Susan Cowsill: Lighthouse

RIYL: Eva Cassidy, Jackson Browne, Shawn Colvin, The Cowsills

Susan Cowsill’s second solo effort, Lighthouse, is a deceptive album. On the surface, it’s a collection of heartfelt, pretty songs sung by a woman whose voice is rich with texture and soul. Especially when listening through headphones, you get a real sense of how wonderful her voice must be when heard live in a small setting. When you sit down to listen to Lighthouse, the first two or three songs lure you in for what should be a pleasant experience. However, once you get midway through the CD’s twelve tracks, Cowsill’s limitations as a lyricist begin to become apparent.

The singer/songwriter deals with some heavy themes on this record. A majority of the songs were written after the death of her two brothers, during a period that followed the wrath of Hurricane Katrina, which devastated Cowsill’s home in New Orleans. Cowsill tries to fill each song with a sense of spirituality and optimism that is refreshing, yet her delivery and her lyrics are so earnest that the whole album starts to wear thin. Think of it as neo folk alt pop emo; taken in small doses it’s nice to the ears, but an entire album’s worth may lead you to whip the CD down the driveway.

Still, there are some great songs on Lighthouse. “Avenue of the Indians” features a fine guest appearance by Jackson Browne – Cowsill’s voice is lovely when singing harmony; a beautiful cover of Jimmy Webb’s “Galveston” is near perfect; the title track is an aching, hopeful prayer made delicate by Jack Craft’s piano and cello playing; and “ONOLA” is a hell of a show of strength and loyalty to her adopted city of New Orleans. In fact, when backed by a full on, rocking backing band, as on “ONOLA,” Cowsill’s urgency comes across much better. If only she’d chosen to bear her soul with more hard driving songs instead of ballads and Lighthouse would have been much more memorable. (2010, Threadhead Records)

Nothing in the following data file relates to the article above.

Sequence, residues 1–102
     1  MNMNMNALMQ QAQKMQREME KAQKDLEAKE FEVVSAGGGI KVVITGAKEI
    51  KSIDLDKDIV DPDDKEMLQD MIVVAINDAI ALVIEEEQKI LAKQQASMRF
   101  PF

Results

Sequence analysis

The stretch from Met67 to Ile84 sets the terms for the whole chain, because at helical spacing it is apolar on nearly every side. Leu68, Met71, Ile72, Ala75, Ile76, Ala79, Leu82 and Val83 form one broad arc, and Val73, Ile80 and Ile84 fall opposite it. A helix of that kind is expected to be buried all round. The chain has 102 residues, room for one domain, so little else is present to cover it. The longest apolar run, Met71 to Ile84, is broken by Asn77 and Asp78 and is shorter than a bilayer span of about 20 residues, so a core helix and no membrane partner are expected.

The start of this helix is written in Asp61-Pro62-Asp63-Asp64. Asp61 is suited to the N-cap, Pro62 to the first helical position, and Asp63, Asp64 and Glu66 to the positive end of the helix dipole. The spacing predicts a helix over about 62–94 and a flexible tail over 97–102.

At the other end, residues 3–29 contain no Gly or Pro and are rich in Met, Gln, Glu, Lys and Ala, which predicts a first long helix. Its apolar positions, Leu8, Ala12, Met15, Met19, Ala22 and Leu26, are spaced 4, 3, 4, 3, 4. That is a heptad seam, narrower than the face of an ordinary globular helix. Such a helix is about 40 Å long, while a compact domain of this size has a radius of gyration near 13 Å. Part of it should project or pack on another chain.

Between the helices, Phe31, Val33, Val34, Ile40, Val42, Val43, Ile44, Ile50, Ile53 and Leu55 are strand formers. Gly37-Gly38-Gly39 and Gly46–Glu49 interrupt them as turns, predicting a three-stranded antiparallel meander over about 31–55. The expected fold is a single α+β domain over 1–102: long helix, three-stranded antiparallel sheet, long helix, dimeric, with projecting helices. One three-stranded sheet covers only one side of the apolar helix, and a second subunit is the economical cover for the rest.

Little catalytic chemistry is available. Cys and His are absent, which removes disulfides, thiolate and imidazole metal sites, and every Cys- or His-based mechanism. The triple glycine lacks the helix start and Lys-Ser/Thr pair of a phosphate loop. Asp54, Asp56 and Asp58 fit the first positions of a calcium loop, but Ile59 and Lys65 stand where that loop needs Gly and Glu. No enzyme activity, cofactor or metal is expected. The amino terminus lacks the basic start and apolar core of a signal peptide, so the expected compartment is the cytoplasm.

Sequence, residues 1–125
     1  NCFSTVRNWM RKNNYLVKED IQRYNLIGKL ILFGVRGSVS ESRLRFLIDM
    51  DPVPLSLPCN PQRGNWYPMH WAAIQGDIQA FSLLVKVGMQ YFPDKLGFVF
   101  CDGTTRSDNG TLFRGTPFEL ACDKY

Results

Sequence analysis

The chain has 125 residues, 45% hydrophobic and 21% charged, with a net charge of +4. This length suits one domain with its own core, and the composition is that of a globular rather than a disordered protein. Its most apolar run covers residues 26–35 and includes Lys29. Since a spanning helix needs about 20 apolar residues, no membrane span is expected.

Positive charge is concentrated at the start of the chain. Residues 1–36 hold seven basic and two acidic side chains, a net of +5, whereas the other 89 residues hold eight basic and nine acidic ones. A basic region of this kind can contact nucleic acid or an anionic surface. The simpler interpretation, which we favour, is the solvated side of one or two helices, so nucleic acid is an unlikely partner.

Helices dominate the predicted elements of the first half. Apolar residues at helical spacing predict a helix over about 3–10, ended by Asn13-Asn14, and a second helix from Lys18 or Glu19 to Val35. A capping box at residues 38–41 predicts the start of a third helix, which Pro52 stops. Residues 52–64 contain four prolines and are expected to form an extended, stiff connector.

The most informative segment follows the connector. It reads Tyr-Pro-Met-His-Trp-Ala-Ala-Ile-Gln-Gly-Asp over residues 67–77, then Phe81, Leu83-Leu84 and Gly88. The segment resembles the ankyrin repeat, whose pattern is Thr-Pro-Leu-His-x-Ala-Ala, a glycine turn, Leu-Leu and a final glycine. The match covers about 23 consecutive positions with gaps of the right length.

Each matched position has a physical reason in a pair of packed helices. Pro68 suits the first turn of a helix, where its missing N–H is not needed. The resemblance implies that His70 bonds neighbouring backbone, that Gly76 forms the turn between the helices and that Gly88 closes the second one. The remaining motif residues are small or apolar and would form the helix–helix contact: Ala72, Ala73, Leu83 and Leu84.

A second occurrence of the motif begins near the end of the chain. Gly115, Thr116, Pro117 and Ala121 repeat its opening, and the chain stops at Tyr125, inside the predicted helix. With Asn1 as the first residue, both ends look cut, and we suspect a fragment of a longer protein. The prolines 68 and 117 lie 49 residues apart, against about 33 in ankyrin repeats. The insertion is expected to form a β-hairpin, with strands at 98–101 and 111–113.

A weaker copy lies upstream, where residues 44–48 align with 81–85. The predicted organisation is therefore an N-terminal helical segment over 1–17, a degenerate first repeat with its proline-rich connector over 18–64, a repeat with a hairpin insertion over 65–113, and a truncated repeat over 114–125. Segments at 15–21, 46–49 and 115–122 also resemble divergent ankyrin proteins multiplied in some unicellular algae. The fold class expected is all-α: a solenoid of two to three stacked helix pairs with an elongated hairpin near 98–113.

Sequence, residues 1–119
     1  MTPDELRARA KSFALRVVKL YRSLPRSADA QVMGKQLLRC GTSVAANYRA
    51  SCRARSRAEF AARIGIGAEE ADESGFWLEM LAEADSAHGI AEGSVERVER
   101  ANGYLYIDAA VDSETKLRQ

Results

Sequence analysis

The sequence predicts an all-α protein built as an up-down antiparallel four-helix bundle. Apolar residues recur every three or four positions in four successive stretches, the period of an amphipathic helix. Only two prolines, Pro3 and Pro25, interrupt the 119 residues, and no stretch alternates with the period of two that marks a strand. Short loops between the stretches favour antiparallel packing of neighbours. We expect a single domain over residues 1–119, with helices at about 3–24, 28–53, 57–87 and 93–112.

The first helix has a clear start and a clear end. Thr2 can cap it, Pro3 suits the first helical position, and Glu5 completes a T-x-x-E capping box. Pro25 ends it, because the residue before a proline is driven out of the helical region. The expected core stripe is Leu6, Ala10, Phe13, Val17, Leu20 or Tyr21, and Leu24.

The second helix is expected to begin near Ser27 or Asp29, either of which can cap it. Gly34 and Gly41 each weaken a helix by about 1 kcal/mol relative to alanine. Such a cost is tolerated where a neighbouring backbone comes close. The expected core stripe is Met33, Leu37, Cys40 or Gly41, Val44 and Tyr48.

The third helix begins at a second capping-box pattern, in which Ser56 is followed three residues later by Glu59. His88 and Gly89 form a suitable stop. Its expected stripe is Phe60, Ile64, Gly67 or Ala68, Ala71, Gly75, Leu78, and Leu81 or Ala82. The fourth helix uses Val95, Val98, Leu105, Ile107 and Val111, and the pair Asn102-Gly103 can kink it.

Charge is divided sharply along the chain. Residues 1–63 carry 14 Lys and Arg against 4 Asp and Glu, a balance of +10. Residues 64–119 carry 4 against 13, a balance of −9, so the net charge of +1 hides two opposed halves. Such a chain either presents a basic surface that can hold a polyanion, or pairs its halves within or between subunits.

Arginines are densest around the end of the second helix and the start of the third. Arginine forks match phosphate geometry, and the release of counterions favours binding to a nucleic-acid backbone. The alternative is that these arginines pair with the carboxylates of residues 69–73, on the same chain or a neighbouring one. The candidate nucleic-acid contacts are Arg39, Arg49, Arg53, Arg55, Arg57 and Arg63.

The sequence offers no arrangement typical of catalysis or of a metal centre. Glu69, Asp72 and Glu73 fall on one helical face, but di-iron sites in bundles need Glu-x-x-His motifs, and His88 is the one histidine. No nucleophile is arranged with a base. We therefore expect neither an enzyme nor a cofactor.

Susan Cowsill’s MySpace Page
Purchase Lighthouse through Amazon


The Law: A Measure of Wealth

RIYL: The Kooks, Dogs Die in Hot Cars, The Futureheads

Those coming to the Law via their international exposure on the soundtrack to “The Men Who Stare at Goats” might be a bit surprised when they listen to the rest of the album. Whether that is a pleasant surprise or not will simply be a matter of taste. A Measure of Wealth is just that, a little slice of energetic indie rock that begs the question whether a band from Dundee Scotland would be insulted to be called Brit-pop. Whatever their feelings, their influences are clearly ’80s and ’90s Brit-pop, more on the Blur side of the tracks than Oasis. They lack the Trad-rock elements of the Gallagher brothers, though the album was recorded at Sawmills Studios, the studio that gave birth to Definitely Maybe. This isn’t what you might expect after the lead track “Don’t Stop, Believe” (which is also found on the aforementioned soundtrack) comes blasting out like a Wolfmother lead. Full on blues-based hard rock, with Robert Plant-like wailing in the background, “Don’t Stop, Believe” is pedal-to-the-metal music, and nothing like what follows.


As track one grinds down into a single Hammond chord, the album transforms and we are greeted with a heavily Pulp-influenced tune called “The Chase,” which truly sets the tone for everything to follow. The Pulp influence resurfaces in riffs and refrains throughout, but halfway through, on “Television Satellite” they drop any subtlety to wrap themselves fully in the glam-influence and swirling guitars of the biggest heroes of Brit-pop, Suede. More than a few tracks would have been right at home on an album like Coming Up, and this is a good thing. All in all, the Law have created a romp of an album, one that should be shuffled into any discerning college student’s party mix. So, while anyone looking for more stoner rock based on the opening track might be disappointed, A Measure of Wealth is a solid, energetic debut that shouldn’t be overlooked. (Local Boy Records 2010)

The Law MySpace page


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